My wife and I found out a few weeks ago that we are going to be grandparents. We are thrilled, and are already planning the visits! My son is also very excited about becoming a father — and, I fear, somewhat naïve about what fatherhood entails.
I was the same way. Twenty six years ago I was sure I understood what it meant to be a father, after all, I was writing my dissertation on families and children! Then I looked down on my sleeping son on his first day home from the hospital. I remember feeling overwhelmed: what had I gotten myself into? I didn’t know the first thing about babies or being a father!!
Now I am pondering what advice I can give to my son, who in a few short months will begin the lifelong journey of fatherhood.
There is a lot of advice written for new fathers on what to buy, how to act, and what you should know about infants. Most of this is helpful, but I would suggest three things for my son, or any new father, to keep in mind:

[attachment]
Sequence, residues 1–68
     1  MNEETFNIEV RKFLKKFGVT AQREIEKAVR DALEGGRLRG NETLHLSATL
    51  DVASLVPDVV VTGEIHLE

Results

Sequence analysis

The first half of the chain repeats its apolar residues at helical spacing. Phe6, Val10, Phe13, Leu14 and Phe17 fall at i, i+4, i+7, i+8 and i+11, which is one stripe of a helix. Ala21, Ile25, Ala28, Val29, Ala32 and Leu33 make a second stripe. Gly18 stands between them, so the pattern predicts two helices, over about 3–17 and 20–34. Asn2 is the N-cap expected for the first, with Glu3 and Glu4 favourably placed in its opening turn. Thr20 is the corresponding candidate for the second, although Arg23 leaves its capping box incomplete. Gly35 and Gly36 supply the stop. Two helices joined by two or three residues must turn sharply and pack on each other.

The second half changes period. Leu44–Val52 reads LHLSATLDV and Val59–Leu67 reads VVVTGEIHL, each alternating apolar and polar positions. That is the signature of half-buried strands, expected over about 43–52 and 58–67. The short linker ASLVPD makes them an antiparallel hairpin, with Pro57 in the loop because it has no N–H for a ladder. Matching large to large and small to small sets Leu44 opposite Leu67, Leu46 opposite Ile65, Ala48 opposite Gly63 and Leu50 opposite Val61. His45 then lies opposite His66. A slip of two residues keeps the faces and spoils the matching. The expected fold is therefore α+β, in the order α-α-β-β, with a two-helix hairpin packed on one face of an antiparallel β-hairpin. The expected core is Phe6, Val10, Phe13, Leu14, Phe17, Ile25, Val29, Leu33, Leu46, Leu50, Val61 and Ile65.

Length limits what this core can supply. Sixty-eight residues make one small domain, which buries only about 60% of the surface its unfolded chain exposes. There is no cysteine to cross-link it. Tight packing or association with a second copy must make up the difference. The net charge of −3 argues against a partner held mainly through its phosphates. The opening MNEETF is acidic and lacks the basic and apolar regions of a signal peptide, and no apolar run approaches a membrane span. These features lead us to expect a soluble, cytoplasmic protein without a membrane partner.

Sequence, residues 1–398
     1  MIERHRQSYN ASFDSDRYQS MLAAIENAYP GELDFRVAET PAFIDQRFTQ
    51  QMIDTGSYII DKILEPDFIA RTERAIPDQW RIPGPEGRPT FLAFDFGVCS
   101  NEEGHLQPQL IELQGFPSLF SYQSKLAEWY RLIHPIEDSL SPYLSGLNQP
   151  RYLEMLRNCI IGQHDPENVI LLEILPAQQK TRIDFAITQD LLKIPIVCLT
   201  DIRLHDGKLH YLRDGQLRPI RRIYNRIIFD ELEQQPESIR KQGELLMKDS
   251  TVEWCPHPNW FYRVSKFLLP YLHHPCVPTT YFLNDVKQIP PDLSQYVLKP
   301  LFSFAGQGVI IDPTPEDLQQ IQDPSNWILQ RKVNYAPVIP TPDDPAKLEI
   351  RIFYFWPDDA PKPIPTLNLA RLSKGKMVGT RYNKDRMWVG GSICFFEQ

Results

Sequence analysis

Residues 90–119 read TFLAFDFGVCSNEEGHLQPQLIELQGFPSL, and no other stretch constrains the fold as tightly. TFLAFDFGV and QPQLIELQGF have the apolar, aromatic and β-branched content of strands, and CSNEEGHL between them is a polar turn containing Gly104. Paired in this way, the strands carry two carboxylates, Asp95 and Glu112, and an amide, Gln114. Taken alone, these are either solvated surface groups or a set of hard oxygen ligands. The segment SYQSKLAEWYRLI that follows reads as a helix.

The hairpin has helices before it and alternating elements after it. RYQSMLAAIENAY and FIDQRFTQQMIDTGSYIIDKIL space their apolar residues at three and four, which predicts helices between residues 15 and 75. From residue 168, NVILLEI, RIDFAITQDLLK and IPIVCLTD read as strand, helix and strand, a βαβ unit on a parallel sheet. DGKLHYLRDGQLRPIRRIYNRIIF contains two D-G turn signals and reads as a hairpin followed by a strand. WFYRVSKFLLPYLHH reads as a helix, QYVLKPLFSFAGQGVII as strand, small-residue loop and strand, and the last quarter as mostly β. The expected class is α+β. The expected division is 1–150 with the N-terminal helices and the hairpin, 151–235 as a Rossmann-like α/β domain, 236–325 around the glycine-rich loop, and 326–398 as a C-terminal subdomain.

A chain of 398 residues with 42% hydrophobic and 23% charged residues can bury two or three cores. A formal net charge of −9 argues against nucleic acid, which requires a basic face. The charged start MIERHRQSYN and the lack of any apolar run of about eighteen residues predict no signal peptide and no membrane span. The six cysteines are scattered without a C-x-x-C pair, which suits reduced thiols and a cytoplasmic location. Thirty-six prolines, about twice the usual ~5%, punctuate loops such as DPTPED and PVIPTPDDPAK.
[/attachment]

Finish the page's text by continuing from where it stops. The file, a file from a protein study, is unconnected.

Never miss a local story.
• Partner with your wife. Babies are a handful and mothers too often assume most of the care. Keep "front and center" this question: What can I do to help out?
• Hold your child as much as possible. There is no substitute for building your love for your child than to gather her in your arms.
• Change lots of diapers! Learn to care for your child now, so as he grows you will always be involved in his life.
The local fathering effort, in cooperation with the National Center for Fathering, provides bi-weekly action ideas to stimulate conversation between fathers and parents.
For more information, or to join local conversations, contact
Mick Trombley at firstname.lastname@example.org
David Eggebeen at email@example.com
Robert Orndorff at firstname.lastname@example.org
Marc McCann at 237-1719 or email@example.com